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Physico-chemical characterization of long wavelength photosynthesis


Project Description

It has often been suggested that crops and micro-algae might be made more efficient by engineering them to use longer wavelength pigments. Recently our group showed that nature had already done the engineering: oxygenic photosynthesis does occur using lower energy, near-infra-red light. This occurs in some cyanobacteria when they find themselves shaded from visible light but still irradiated by the infra-red.1 In this project we seek to understand how this newly found type of photosynthesis works.

This requires detailed chemical characterization (thermodynamics, kinetics, electrostatics, structure-function) of the photo-enzymes to determine what differences exist compared to the usual chlorophyll-a-containing system that dominates the biosphere. Thermodynamic information will come from a) kinetics (forward- and back-reaction rates give equilibrium constants and thus redox energy gaps) and b) measurement of the reduction potentials of redox cofactors to provide absolute values.2,4. Structure/function information will come from i) spectroscopy (including UV-vis-IR and EPR)1,3,7; iii) cryoEM and crystallography; iv) evolutionary approaches5 , and v) computational approaches6. Most methods will require isolation and purification of the photosystems as well as molecular genetic approaches. The student will have the opportunity to use these physical, chemical and biochemical approaches in the labs of the supervisors and their collaborators abroad. This interdisciplinary project will provide a knowledge base for the eventual design of engineering projects aimed at moving the long-wavelength photosynthesis trait into other species that are potentially agriculturally and biotechnologically relevant.

We are looking to recruit an outstanding Masters level graduate in Chemistry, Biochemistry, Biophysics or an equivalent subject, with a strong interest in developing and applying novel (bio)chemical and spectroscopic tools to address specific aspects of this project. The PhD studentship is fully funded for 3.5 years. The successful candidate will receive training in a range of spectroscopic methods including advanced EPR spectroscopy, electrochemistry, protein purification and structural determination, molecular enzymology. The student will be encouraged to design, construct and/or customize the spectroscopic and electrochemical set-ups as required to solve the specific biological problems. The student will be based in Life Sciences in the South Kensington Campus but is expected to interact closely with the Chemistry team at Imperial’s White City campus.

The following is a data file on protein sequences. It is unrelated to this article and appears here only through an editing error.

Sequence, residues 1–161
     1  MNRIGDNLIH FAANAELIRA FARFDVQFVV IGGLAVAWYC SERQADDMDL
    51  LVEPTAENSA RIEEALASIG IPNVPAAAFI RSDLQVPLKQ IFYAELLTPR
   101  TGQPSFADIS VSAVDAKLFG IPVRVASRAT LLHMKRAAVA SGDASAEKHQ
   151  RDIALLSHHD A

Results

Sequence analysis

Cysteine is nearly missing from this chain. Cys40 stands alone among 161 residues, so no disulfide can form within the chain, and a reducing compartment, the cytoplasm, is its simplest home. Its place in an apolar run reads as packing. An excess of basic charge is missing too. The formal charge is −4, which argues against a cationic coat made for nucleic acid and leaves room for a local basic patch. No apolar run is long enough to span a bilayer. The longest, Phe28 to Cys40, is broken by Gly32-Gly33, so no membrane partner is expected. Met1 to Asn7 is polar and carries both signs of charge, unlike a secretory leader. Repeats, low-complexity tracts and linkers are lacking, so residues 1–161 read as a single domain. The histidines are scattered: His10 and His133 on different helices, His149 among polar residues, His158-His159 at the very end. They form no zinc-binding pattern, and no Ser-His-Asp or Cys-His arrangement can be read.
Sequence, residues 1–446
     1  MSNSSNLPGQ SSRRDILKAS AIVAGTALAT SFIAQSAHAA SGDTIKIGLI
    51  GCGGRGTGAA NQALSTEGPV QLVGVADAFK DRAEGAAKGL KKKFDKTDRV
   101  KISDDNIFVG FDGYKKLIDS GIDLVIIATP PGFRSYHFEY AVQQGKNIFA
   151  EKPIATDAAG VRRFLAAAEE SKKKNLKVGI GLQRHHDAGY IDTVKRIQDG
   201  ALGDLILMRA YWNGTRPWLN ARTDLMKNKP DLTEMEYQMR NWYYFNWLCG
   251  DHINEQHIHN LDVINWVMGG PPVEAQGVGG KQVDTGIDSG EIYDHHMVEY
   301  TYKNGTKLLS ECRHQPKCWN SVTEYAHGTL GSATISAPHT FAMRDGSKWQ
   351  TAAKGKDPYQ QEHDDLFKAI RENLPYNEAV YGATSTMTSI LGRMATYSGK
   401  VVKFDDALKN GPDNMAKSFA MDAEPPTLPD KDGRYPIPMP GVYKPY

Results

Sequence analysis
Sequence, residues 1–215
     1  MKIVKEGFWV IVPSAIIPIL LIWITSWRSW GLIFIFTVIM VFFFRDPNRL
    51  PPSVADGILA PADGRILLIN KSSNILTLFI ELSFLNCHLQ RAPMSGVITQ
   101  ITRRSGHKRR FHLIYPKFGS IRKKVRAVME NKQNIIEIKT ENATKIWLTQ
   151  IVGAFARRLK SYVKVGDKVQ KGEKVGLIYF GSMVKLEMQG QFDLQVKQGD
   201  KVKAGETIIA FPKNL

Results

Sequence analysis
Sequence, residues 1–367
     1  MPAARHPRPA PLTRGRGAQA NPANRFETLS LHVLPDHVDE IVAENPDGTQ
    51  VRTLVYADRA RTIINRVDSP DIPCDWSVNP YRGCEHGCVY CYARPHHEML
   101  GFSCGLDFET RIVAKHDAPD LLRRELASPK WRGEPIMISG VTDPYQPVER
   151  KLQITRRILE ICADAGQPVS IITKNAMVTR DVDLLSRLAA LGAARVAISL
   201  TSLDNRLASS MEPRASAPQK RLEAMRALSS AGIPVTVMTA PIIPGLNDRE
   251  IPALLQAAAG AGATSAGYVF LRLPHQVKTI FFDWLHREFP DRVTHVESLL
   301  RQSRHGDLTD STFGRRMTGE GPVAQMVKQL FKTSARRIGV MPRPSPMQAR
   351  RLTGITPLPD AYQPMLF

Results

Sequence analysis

Residential & Academic Eligibility

UK or EU nationals who are ordinarily residents of the UK are eligible to apply. Candidates must carefully read Annex 1 of the RCUK Training Grant Guide (https://www.ukri.org/files/legacy/publications/rcuk-training-grant-guide-pdf/) to determine their own eligibility before applying. Candidates are expected to have a BSc degree, in a relevant subject, at 2:1 level or better, as well as a postgraduate Masters qualification, by October 2020. Although preference will be given to Masters level candidates, exceptional students at Bachelor’s level may also be considered.

How to Apply

Please visit our BBSRC DTP webpage to obtain more information on how to apply (https://www.imperial.ac.uk/bbsrc-doctoral-training-partnership/)
Deadline for applications: 12noon on Friday, 21 February 2020.

Funding Notes

The studentships cover: (i) an annual tax-free stipend at the standard Research Council rate (£17,009 for 2019-2020, to be confirmed for 2020-2021 but typically increases annually in line with inflation), (ii) contribution towards research costs, and (iii) tuition fees at the UK/EU rate.
Studentships will last for 3.5 years full-time.

References

1 Nürnberg D.J., Morton J., Santabarbara S., Telfer A., Joliot P., Antonaru L.A., Ruban A.V., Cardona T., Krausz E., Boussac A., Fantuzzi A, Rutherford A.W. (2018) Science 360, 1210- 1213 Photochemistry beyond the red limit in chlorophyll f–containing photosystems DOI: 10.1126/aar8313
2 De Causmaecker, S., Douglass, J.S.; Fantuzzi, A. and Rutherford A.W. 2019 Proc.Natl Acad Sci USA. 116, 19458-19463 Energetics of the exchangeable quinone, QB, in Photosystem II
3 Le Breton N., Wright JJ., Jones AJY, Salvadori E, Bridges HR Hirst J, Roessler MM (2017), Journal of the American Chemical Society 139 (45), 16319-16326 Using Hyperfine Electron Paramagnetic Resonance Spectroscopy to Define the Proton-Coupled Electron Transfer Reaction at Fe–S Cluster N2 in Respiratory Complex I
4 Abdiaziz, E Salvadori, KP Sokol, E Reisner, MM Roessler (2019), Chemical Communications 55 (60), 8840-8843, Protein film electrochemical EPR spectroscopy as a technique to investigate redox reactions in biomolecules
5 Cardona T and Rutherford A.W. (2019) Trends in Plant Science 24, 1008-1021 Evolution of Photochemical reaction centres: more twists
6. Ugur I., Rutherford A.W. Kaila V.R.I. (2016) Biochim. Biophys. Acta 1857, 740-748 Redox-coupled substrate water reorganization in the active site of Photosystem II: the role of calcium in substrate water delivery
7. Roessler M and Salvadori E (2018) Chem. Soc. Rev., 47, 2534-2553 Principles and applications of EPR spectroscopy in the chemical sciences

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